Important Australian and International Fine Art
10 May 2017



natural earth pigments and synthetic binder on canvas

70.0 x 110.5 cm

bears inscription verso: artist’s name, size and Waringarri Arts catalogue nos. S-1989 and AP 1972

$50,000 – 70,000

Waringarri Arts, Kununurra
Deutscher Gertrude Street, Melbourne
Private collection, Melbourne


Turkey Creek: Recent Work, Deutscher Gertrude Street, Melbourne, 25 October – 17 November 1989, cat. 5


Smoker, J., et al., Turkey Creek, Recent Work, exhibition catalogue, Deutscher Gertrude Street, Melbourne, 1989, p. 5 (illus.)

Catalogue text

Painted in the year before Rover Thomas, along with Trevor Nickolls, became the first Aboriginal artists to represent Australia at the Venice Biennale, Guwaliwali, 1989 presents a plan view of the east Kimberley landscape where lines indicate paths travelled, tracks and roads, or delineate geographic features and circumscribe discreet areas of country. Characteristic of the Rover’s paintings, the conjunction of dotted lines simultaneously suggest a profile view, as though one were standing on the red-ochred earth looking at a distant hilly range.

The asymmetrical geometry of the composition is characteristic of Rover Thomas’s paintings although the angularity of the lines in this work is somewhat unusual. A similar orthogonal angularity appears in two large canvases that were painted in the same year and that were also shown in the Deutscher Gertrude Street exhibition of recent work from Turkey Creek in 1989: Dreamtime story of the willy willy, 1989, and Yari country, 1989, which is composed of a series of rectangles, were acquired from that exhibition by the National Gallery of Victoria.1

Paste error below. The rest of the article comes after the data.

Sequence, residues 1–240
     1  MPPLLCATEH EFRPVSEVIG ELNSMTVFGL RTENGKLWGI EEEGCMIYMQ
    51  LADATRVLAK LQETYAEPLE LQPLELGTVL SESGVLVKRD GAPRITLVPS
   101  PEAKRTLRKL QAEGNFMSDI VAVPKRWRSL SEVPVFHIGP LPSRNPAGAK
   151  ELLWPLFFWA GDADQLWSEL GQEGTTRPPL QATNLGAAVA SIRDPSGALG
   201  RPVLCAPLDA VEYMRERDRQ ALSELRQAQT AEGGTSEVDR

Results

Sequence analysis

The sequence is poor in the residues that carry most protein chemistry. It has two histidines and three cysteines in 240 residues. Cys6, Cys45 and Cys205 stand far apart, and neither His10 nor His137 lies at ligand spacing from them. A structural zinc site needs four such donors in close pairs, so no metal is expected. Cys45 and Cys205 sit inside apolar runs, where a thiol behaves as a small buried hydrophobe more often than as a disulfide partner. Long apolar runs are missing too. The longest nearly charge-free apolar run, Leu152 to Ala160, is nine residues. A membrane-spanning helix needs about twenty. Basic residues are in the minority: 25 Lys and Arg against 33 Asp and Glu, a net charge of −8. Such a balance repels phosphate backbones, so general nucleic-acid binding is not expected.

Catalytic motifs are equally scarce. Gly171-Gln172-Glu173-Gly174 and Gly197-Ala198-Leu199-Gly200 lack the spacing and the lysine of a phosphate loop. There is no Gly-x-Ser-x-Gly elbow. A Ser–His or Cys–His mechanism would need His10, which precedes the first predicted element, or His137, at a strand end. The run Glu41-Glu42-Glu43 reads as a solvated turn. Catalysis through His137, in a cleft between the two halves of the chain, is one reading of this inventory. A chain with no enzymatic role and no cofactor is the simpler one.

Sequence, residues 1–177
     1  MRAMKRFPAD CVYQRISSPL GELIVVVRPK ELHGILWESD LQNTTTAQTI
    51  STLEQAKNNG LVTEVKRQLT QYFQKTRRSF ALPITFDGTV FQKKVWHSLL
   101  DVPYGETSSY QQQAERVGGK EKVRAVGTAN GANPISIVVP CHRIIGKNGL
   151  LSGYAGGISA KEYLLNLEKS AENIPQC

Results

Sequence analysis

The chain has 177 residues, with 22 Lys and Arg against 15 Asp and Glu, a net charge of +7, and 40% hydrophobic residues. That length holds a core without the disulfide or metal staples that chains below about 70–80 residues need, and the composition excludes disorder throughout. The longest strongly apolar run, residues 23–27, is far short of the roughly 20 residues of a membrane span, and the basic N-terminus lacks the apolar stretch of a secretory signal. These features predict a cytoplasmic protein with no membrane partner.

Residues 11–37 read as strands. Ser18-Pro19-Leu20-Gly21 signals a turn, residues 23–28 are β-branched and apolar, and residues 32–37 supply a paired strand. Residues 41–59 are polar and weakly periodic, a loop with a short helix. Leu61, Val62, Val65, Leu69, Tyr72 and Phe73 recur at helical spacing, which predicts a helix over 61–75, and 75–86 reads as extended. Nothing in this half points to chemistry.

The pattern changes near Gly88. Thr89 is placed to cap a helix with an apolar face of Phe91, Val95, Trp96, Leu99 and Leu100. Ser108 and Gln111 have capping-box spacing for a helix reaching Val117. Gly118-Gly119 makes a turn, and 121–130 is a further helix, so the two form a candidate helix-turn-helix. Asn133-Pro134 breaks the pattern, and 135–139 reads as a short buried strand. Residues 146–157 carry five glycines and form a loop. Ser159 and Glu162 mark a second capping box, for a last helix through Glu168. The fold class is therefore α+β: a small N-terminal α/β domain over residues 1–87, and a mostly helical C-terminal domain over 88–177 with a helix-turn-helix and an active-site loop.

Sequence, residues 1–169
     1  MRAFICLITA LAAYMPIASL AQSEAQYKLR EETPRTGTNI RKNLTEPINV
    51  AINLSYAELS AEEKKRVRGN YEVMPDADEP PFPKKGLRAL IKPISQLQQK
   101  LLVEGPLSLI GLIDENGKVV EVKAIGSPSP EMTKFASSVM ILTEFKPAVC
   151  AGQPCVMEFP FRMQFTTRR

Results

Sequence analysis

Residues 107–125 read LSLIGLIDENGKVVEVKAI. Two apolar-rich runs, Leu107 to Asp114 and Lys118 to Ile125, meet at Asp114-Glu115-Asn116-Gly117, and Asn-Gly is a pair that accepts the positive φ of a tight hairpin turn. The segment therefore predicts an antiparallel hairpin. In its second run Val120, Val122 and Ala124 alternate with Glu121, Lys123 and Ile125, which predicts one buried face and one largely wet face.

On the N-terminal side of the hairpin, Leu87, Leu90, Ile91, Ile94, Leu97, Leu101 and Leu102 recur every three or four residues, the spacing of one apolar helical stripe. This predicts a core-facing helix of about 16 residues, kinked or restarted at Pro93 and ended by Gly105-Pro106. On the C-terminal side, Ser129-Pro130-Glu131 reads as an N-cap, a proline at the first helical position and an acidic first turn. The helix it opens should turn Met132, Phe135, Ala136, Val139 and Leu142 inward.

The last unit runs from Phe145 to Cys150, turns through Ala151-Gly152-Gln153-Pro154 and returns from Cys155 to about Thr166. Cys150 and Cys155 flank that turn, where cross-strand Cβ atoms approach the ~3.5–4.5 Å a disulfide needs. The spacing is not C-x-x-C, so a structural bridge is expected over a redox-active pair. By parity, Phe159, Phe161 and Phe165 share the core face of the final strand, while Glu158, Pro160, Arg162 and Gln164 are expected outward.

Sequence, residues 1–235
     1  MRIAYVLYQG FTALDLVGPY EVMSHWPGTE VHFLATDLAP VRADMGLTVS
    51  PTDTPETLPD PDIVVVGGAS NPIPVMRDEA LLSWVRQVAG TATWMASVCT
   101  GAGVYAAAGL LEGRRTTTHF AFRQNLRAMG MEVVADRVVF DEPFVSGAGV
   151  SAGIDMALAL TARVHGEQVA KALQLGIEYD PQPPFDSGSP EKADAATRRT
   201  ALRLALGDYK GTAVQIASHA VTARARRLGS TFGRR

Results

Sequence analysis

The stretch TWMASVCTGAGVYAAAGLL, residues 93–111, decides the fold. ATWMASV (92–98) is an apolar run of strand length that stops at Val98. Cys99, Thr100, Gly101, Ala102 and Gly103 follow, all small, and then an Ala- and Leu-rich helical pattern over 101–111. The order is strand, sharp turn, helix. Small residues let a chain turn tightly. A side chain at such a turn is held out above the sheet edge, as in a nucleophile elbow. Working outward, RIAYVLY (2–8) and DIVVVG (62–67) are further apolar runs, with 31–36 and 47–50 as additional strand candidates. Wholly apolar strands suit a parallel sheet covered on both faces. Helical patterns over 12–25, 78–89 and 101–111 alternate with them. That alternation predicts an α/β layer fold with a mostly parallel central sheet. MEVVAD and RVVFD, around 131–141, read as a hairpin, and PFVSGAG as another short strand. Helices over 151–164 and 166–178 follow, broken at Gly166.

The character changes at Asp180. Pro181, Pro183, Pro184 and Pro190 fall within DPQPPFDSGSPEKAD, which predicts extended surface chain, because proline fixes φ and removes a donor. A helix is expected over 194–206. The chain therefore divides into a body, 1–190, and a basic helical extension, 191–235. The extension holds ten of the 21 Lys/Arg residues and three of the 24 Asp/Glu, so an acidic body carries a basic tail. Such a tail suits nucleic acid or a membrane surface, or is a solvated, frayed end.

The exhibition featuring Guwaliwali was mounted by Waringarri Aboriginal Arts that had been established in 1986 in Kununurra to represent the Aboriginal artists of the region. In the exhibition catalogue, Joel Smoker, the art co-ordinator at Waringarri, records Rovers’ enthusiasm to paint. He describes Rover Thomas as being ‘very prolific’, having requested boards and eventually stretched canvases on which to paint, and that he could ‘never supply [Rover] as fast as he would like’.

1. see Ryan, J. and K. Akerman (eds.), Images of Power: Aboriginal art of the Kimberley, National Gallery of Victoria, Melbourne, 1993, pp. 60 and 61 respectively